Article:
You pick up the story in Luke 11. Why don’t you open your Bibles there if you’re not there already. And in verse 1 says, “Then it came about while He was praying in a certain place, after He had finished, one of His disciples said to Him, ‘Lord, teach us to pray just as John also taught his disciples.’”

And so Jesus, understanding their mindset, what you’re going to see is He will give them a formula. And it’s the right formula. It’s the right pattern of prayer. And He doesn’t say just even, “Pray this way.” He says, “Say these words.” So, here’s the formula.

But what He is going to do after He gives them the formula, what we call The Lord’s Prayer, is then He is going to give them a negative example and then the truth of how to really pray and why, and then He is going to give them a positive example and He’s going to take the negative example and the positive example, sandwiched in between this command about how to relate to God, but all He is really going to share is: the problem is not with your form. The problem is not how long you pray. The problem isn’t so much the actual words.

He is going to teach them: your problem is you don’t see the Father for what He is like. You think the Father is hard to please, you think God is angry with you most of the time, you think His arms are crossed and toe-tapping and He has a boney finger saying, “Yeah! Hey, you should have been praying longer and why are you here now? And why are you asking for this? Because last week you did that.”

And what Jesus is going to teach them is the problem in their prayers is not a formula. He is going to teach them they need to see the Father completely differently and I would suggest that the way the disciples loved people as they were was because they learned to see the Father as He is.

Let’s pick up the formula. I’m not going to spend a lot of time here because you have heard it many times. But let’s just, the overview. So, He says to them, “When you pray, say, ‘Father, hallowed be Thy name.’” But He turns the tables already. Wait a second, “Father?” It’s the Aramaic word Abba. It’s the word of a two or three-year-old boy who would tug on his daddy’s robe to say, “Will you pick me up?” Abba – intimacy.

Their view of God was He is transcendent, He is powerful, He is the God who split the Red Sea. But they missed His intimacy. And the first thing Jesus says is, When you see Him, He’s an available, loving, Abba Father. And the balance is: “…and holy is His name.” He is the God who filled the temple of Isaiah: “Holy, holy, holy.” But He is transcendent but He is approachable and intimate like your own dad.

Then He goes on to say to them, “Thy kingdom come,” and then in another gospel, “Your will be done.” When you pray, come to God knowing He is an intimate Father and come with great reverence and then get His agenda on the table first before you get yours. God, I want Your will to get done. I want Your rulership and the way You want life to occur in the world that I am in.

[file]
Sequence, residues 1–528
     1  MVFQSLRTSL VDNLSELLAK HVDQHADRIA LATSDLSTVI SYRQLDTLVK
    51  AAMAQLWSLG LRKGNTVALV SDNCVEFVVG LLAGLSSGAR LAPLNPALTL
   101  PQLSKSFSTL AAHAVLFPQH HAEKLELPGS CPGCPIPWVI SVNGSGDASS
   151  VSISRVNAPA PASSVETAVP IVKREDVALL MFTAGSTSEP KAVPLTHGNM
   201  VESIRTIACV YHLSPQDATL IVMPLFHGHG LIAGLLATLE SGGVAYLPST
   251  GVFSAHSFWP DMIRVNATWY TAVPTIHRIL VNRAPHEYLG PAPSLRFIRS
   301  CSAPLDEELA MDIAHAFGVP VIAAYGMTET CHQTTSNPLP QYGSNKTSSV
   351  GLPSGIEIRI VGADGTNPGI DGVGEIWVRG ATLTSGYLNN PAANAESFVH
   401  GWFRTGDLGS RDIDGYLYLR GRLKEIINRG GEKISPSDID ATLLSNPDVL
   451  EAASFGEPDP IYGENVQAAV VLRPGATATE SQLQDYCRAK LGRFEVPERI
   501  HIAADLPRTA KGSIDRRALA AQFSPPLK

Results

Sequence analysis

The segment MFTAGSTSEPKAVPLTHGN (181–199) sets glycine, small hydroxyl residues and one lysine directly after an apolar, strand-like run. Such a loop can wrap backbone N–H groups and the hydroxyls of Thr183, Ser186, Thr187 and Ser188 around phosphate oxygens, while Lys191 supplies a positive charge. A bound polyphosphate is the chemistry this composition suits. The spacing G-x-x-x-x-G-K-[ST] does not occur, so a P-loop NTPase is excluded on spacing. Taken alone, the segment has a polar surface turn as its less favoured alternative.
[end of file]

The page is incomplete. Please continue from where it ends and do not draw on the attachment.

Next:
And then make sure you pray for your specific needs. It’s not bad or unspiritual. “Give us this day our daily bread.” God, I’ve got needs. I’ve got material needs, I’ve got relational needs, I’ve got financial needs, I’ve got work needs. He says, “You bring those to Him.”

And then notice He says: but understanding there is this relationship as you bring your needs between your relationship with others and your relationship with the Father. So, He goes on to say, “And forgive us our sins as we ourselves forgive everyone who is indebted to us.”

Don’t think that you can have this little silo of disconnected relationship with God as you have hate and unforgiveness in your heart toward others. That’s why intimate praying with the Father is always a cleansing experience. It always forces us to do a little evaluation of: where is my heart with other people? Because I’ve got to get this right before God says we can make that right.

And then He says it’s a hostile world. It’s a fallen world. There is an enemy. And this enemy wants to literally destroy your soul and destroy your marriage and destroy your life. And so, ask specifically. “Lead us not into temptation.” And as the other gospel writers will say, “…but deliver us from evil.” And literally it’s: from the evil one, “…for Yours is the kingdom and the power and the glory.”

And so, He tells them: come to God. It’s intimate and yet He’s holy. Get His agenda on the table. Ask specifically for your needs. Then deal with any relational issues of unforgiveness so you can appropriate that. Ask for His protection and then now notice what He does. He just, He tells a story. “Lord, teach us to pray.” Story – negative example. Truth – positive example.

By the way, often Judaism teaching, he would do that – they would couch two things and in the middle was the core truth. Let’s pick up the story. He goes on to say to them, “Suppose one of you have a friend and you go out to him at midnight and you say to him, ‘Friend, lend me three loaves;’” the idea: three loaves of bread, “‘for a friend of mine has come to me on a journey and I have nothing to set before him.’ And from inside the house, he shall answer and say, ‘Do not bother me. The door has already been shut and my children and I are in bed. I cannot get up and give you anything.’”

Very common situation and historically and culturally you need to understand, when someone would come from out of town, hospitality is not like we think of it today. Like, I’d really like to put you up for the night, but we are really busy and the kids are already in bed and maybe there’s a Motel 6 or something you could get. Sorry.